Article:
"He understood now, viscerally, something he had only suspected as a child: that he was his family's aftermath. The most urgent betrayals, the great conflagration that had destroyed his family: all of it had taken place before he could remember, and the last traces were now burning out in the lightning synapses of Emily's winter dreams."
The problem with the book being so Roman focused is that he is a character that is so closed off - so inaccessible to the reader (at least this reader) that there is very little passion or fire to this book. I spent the first 1/8 of the book learning about the characters and then the remaining part of the book feeling as if the action taking place was all anti-climatic...with little idea what the climactic event might have been.
The women characters tell Roman at various times in his life that his poetry is guarded in such a way...that "there's something hidden about the poems. They draw attention and give nothing back.Read more ›
Most Recent Customer Reviews
A writer friend recommended this short novel to me. I was skeptical, as I’m not a huge fan of novels about graduate school, and this story opens with our main character, Roman, in... Read morePublished 7 months ago by Len Joy
This is a brilliant work both as mainstream fiction and as a so-called campus novel. The tone and style are evocative, the world authentic, and the characters' lives intersecting... Read morePublished on January 28, 2014 by Eric Duffy
This is a beautifully restrained yet rich meditation on choice, self-deception, envy, art, and the passage of time that reveals the complex interconnections of all these forces to... Read morePublished on April 24, 2012 by reality bites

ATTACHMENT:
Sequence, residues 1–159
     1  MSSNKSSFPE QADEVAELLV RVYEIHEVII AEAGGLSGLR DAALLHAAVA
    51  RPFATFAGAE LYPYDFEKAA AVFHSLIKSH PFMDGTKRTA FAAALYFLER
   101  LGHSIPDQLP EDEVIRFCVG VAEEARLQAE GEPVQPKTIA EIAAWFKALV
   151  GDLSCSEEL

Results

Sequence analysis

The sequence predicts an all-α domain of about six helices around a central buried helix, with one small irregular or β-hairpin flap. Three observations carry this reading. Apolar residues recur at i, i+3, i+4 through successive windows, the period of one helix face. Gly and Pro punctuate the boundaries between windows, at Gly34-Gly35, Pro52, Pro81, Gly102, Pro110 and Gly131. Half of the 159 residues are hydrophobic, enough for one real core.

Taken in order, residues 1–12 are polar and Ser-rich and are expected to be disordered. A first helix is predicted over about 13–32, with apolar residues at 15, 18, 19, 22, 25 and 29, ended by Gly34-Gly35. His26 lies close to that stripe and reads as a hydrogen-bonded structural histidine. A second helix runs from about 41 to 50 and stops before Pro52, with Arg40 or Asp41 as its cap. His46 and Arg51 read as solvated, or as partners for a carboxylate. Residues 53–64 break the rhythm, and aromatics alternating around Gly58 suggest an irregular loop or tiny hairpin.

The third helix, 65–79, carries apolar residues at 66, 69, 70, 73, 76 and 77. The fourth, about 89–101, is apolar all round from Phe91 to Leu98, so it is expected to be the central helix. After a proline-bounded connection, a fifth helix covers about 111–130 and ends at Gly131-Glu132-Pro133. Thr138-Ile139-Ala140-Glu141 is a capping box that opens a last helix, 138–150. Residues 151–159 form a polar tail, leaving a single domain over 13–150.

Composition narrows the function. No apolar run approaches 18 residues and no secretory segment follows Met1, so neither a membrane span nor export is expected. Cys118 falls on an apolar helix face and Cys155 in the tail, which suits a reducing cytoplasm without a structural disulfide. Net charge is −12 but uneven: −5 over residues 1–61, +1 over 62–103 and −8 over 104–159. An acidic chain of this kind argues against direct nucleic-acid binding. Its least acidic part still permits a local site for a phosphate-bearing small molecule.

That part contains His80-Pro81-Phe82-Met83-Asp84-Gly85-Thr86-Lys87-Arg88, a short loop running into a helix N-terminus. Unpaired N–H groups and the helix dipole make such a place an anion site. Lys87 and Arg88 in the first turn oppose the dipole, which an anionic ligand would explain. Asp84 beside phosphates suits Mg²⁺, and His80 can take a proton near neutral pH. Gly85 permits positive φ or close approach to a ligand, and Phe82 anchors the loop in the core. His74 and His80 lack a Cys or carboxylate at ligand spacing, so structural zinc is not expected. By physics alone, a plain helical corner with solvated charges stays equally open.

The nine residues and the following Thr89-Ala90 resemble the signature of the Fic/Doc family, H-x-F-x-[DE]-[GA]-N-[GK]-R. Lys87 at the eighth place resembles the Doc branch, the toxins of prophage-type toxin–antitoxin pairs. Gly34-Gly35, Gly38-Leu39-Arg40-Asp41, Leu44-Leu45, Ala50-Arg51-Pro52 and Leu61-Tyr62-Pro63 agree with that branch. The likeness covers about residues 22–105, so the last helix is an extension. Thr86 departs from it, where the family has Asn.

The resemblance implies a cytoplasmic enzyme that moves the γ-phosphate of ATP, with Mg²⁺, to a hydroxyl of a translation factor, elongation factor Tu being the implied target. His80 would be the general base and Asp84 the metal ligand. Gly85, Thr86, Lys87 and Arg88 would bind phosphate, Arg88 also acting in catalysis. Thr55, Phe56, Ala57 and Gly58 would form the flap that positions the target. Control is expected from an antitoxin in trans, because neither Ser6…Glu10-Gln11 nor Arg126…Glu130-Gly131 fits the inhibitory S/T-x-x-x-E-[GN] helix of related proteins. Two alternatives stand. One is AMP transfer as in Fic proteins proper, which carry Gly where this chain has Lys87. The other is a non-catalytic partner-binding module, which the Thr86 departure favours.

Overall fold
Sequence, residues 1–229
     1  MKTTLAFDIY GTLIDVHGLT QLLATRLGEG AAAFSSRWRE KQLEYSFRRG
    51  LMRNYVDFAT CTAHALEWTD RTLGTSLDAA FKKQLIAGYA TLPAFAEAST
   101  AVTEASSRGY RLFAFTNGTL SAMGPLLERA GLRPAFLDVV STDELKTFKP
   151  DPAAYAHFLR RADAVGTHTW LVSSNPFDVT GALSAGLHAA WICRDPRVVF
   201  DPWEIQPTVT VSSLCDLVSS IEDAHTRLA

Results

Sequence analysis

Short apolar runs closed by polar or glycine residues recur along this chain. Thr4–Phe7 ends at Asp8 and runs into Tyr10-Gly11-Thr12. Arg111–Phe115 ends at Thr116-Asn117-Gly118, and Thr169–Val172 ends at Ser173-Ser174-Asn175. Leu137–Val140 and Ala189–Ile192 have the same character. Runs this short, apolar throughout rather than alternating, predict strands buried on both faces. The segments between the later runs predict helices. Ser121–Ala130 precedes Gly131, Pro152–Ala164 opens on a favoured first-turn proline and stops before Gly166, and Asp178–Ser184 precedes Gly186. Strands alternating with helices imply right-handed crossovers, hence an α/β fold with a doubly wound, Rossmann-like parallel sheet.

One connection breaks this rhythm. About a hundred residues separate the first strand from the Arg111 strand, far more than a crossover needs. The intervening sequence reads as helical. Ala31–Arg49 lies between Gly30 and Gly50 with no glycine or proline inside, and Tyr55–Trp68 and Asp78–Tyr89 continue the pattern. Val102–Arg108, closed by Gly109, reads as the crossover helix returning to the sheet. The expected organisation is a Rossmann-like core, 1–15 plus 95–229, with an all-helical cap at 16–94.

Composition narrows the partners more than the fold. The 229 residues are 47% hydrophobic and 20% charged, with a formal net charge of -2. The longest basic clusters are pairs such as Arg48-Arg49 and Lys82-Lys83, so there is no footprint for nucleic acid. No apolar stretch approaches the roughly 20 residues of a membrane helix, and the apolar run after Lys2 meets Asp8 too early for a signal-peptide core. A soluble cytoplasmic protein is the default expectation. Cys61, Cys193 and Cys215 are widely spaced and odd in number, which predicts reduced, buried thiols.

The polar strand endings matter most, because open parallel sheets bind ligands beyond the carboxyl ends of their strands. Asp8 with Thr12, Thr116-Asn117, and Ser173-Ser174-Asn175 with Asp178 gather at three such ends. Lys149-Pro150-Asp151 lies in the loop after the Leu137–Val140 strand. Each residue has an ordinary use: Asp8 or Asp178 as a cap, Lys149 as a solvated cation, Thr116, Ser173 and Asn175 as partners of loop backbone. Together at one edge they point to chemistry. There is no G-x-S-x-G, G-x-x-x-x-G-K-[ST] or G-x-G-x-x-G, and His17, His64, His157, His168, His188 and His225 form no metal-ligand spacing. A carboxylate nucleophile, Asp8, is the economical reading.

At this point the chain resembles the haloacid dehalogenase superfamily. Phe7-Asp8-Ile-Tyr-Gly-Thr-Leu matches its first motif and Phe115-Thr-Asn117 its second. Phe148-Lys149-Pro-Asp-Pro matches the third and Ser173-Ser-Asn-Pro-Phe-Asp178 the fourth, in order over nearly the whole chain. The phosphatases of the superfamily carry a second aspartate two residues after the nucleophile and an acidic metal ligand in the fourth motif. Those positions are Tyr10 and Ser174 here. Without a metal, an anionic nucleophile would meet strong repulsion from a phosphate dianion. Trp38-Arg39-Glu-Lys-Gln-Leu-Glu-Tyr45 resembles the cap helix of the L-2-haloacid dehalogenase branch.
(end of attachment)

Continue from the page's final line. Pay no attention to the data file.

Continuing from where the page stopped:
However, not for the writing itself, but more for my identification with the literary world of graduate school. Read morePublished on October 19, 2011 by Lois Minsky
Never would I have thought a novel could draw me deeply into a tale of poets striving to create poetry, but this book did exactly that. Read morePublished on September 17, 2011 by meltingsnow
At one point in this novel, set at the renowned writing school in Bonneville, Miranda - the inscrutable and aloof poet and professor - assesses the poetry of her star student Roman... Read morePublished on May 18, 2011 by Jill I. Shtulman
I heard abut this novel on NPR it inmediately got my attention because of such wonderful title. Not only a beautiful story but so carefully written. an absolute pleaure to read.Published on March 20, 2011 by Eduardo
**Reviewed for [...]**
All is Forgotten, Nothing is Lost by Lan Samantha Chan is a haunting, and creative novel about how there is so much more to people than what is... Read more
I received an early copy as a gift and what a wonderful gift it is. Once I started reading, I could not put it down. Read morePublished on November 23, 2010 by Granny